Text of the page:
Maria’s birthday started this morning at 6:00am when we got up to see the sunrise. Several other intrepid travelers were also up to see a somewhat uneventful appearance of Sol which rose quickly over Algeria on the eastern horizon. It was cool in the early morning light. A couple of friendly dogs trotted past.

After breakfast, the jeeps collected us and we drove to the edge of the dunes where there were 4 strings of 4 camels each. The camel drivers fixed us up with turbans, good protection from sun and wind. We got organized, mounted and we were off into the dunes.

The camels took us high on a gigantic dune. The morning was beautiful, clear blue sky and not too hot. We rode for an hour or more, winding up at a hotel where we had coffee.

Our jeeps picked us up at the hotel and drove us about a half hour to visit Gnaoua musicians. On the way, young boys were holding up Fennec fox pups for people to cuddle in exchange for a little tip. Zak had the driver stop so Maria could ooh and ahh. This was the highlight of her day. The boys take the pups from their den, care for them until they get big, then release then back to the wild.

The Gnaoua trace their ancestry back to the old Ghana empire that stretched way up the West African coast. They are black people whose music sounds like it comes from sub Saharan Africa, with a small Moroccan influence. Could be from Mali from the sound.

They played a happy birthday song for Maria, and gave her a Moroccan castanet.

Next, off road to visit a nomad family. We stopped at one tent and the woman didn’t want to talk to us but at the next, the woman invited us for tea. We sat on rugs and cushions under a tent and as she served us, we asked questions. She is 37 years old, recently married and has a month old baby that was sleeping in another tent. Her husband showed up, and she left to tend the baby. He watches a cell tower part time and is 55 years old. He has a wife and grown children in a town some distance away. His grown sons take care of their mother and likely help support him as his income from guarding a cell tower is paltry. Zak calls this “one pocket” for the family.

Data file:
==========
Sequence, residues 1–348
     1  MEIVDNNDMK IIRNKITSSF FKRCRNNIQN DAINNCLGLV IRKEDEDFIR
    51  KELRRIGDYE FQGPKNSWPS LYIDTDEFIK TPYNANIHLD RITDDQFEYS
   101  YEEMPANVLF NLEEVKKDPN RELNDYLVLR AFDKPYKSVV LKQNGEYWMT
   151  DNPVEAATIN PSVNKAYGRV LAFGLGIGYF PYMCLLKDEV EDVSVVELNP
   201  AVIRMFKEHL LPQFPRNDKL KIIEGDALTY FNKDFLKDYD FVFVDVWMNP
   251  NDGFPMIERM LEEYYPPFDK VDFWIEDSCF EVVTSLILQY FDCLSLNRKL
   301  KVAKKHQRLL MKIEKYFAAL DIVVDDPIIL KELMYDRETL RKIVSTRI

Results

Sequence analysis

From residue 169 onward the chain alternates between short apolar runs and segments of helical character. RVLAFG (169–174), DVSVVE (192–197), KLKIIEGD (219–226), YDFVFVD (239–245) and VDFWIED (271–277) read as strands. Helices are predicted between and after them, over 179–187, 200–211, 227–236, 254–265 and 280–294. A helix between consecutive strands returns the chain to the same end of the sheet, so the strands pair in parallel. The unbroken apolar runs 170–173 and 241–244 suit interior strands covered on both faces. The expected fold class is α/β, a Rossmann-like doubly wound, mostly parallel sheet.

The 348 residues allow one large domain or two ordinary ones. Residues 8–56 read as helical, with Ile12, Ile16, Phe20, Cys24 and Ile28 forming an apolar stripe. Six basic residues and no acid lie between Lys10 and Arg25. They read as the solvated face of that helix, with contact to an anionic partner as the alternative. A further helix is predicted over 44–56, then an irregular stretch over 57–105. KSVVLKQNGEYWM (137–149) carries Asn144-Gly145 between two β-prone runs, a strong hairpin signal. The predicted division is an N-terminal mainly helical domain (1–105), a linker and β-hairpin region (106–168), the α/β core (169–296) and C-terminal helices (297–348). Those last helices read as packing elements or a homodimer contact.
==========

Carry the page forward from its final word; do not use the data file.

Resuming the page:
Their dwelling was several cloth tents on frames made of sticks. They live a simple life, but their new daughter, delivered by a local midwife in a tent on the Sahara, is up to date on her shots (no stupid antivaxers here), and will go to school when she gets old enough. The visit gave us the opportunity to stare our privilege in the face and realize how much we don’t have.

All this was before lunch! Back at camp, we had lunch and a nap. In the late afternoon, Zak took some of us out to a dry riverbed for fossil hunting. The wind was kicking up some sand, and we could see clouds dropping sheets of rain not so far away. On the drive back, we saw lightning, but only received a few drops on the windshield. People who stayed in the camp told us they had a short, heavy rain. The sand was wet, no dust and the air was very cool.

We had a nice dinner, Berber pizza, really more like a calzone, then the camp staff appeared with a birthday cake for Maria. The clouds started to break up, so we were able to see a nice sunset.

Zak gathered us into the dining tent where he delivered a very interesting talk on Islam. It really helped us understand a lot about the faithful.

The stars were out on our walk back to the tent, so we stopped in the cool air to see stars like we haven’t seen in years. A nice end to Maria’s special birthday.